|Estuarine Primary Production from the Triple Isotopic Composition of Oxygen|
Anne Giblin (MBL) Chuck Hopkinson (UGA)
More than 50% of the American population lives near the coast. Coastal regions provide valuable economic resources including fisheries and tourism, making coastal zones of great societal importance. Humans have heavily impacted coastal zones in general – and estuaries in particular – through water runoff and nutrient loading, which can lead to very low levels of oxygen in the bottom waters, harmful algal blooms, and fish kills. In addition, climate change will affect estuaries through sea level rise and the changing hydrologic cycle. Estuaries are regions of intense cycling of nutrients and carbon. There is a great need to better understand carbon cycling in estuaries in order to predict how biological production in these valuable habitats will respond to a changing environment.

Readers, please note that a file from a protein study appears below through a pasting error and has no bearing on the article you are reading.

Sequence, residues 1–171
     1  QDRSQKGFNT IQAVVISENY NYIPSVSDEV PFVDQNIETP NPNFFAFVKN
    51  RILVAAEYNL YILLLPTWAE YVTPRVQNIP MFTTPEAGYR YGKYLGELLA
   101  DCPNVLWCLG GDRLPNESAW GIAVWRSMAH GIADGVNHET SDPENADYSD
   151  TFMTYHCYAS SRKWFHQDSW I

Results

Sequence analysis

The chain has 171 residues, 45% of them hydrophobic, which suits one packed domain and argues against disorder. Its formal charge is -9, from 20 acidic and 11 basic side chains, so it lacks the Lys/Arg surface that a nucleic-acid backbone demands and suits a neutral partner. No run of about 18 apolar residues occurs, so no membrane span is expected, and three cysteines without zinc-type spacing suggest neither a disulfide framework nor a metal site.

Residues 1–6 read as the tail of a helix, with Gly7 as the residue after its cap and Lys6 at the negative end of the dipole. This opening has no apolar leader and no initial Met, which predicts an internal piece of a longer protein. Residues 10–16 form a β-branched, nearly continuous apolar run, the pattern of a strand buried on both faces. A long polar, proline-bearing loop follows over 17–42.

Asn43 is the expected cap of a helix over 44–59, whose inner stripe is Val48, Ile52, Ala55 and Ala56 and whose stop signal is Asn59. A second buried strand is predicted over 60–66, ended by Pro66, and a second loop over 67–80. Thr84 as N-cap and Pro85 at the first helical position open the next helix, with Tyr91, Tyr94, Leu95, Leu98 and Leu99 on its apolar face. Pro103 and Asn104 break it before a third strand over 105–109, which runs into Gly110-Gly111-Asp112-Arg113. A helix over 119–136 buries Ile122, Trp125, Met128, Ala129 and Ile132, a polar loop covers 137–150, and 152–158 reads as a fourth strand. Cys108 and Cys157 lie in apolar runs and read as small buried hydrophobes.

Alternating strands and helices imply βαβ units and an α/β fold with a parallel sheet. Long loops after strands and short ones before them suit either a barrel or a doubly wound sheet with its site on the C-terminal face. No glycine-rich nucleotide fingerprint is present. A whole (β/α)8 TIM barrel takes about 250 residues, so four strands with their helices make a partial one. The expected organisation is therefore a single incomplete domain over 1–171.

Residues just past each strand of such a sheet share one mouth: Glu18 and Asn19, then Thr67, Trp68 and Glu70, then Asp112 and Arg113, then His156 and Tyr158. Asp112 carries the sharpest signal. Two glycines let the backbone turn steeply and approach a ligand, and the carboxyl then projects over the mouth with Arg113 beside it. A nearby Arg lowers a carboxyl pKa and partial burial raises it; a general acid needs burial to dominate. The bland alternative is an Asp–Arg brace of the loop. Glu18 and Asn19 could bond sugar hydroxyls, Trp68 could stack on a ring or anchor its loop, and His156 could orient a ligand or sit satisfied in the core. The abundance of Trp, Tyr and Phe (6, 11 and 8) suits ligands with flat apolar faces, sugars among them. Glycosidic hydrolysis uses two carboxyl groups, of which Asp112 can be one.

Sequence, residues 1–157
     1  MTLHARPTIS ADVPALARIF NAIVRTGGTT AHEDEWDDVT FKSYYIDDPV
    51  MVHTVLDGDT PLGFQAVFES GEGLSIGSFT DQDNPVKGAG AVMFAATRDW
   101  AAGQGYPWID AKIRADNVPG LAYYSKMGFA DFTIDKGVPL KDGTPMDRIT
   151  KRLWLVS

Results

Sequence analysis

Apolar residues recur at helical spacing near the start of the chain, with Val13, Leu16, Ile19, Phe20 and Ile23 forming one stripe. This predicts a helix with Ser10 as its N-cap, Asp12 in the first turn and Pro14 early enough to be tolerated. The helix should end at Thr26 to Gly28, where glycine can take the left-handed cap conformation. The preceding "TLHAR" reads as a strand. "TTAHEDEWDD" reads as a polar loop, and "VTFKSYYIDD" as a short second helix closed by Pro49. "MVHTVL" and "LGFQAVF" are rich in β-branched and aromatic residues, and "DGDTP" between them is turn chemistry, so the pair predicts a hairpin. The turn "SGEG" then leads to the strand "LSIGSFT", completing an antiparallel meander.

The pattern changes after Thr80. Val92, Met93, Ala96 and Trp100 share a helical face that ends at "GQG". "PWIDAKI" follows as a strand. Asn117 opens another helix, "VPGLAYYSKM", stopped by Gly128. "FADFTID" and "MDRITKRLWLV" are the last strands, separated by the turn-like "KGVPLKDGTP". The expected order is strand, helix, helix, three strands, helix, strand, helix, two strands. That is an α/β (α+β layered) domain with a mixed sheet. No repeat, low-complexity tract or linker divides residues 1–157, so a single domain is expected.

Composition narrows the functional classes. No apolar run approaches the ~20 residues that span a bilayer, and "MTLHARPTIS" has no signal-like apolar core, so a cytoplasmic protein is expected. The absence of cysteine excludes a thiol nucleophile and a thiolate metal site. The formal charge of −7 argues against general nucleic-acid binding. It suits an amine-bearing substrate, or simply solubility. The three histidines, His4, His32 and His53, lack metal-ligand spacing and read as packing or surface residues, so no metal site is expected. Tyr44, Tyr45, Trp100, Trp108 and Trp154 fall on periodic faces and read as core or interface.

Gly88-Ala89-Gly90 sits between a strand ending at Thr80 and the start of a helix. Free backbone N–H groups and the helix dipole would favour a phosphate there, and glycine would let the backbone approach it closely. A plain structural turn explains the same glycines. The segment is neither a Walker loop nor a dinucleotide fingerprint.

Gross primary production forms the base of the food chain and thus is a key parameter for understanding estuarine carbon cycle dynamics. Two contrasting estuaries in Massachusetts offer the ideal locations to investigate gross production in estuarine systems. In Waquoit Bay, high nutrient loading has lead to macroalgae blooms which destroy seagrass habitats and occasionally result in anoxic water conditions and periodic fish kills. What is the variability of gross production? How does production respond to external factors? When macroalgae abundance decreases, does gross production in the estuary decrease or does the gross production shift from a macroalgal to a phytoplankton or microalgal based system? In the Plum Island Ecosystem estuaries, benthic microalgal mats are extensive and yet benthic microalgal production has rarely been quantified. What is the contribution of gross production from benthic microalgae? We will be making measurements of an innovative geochemical gas tracer – the triple isotopic composition of oxygen – in estuarine systems in order to quantify gross production in these two contrasting Massachusetts estuaries. The techniques developed through this work will yield key information on the carbon cycle in local estuaries and in the future could be applied to other estuarine systems.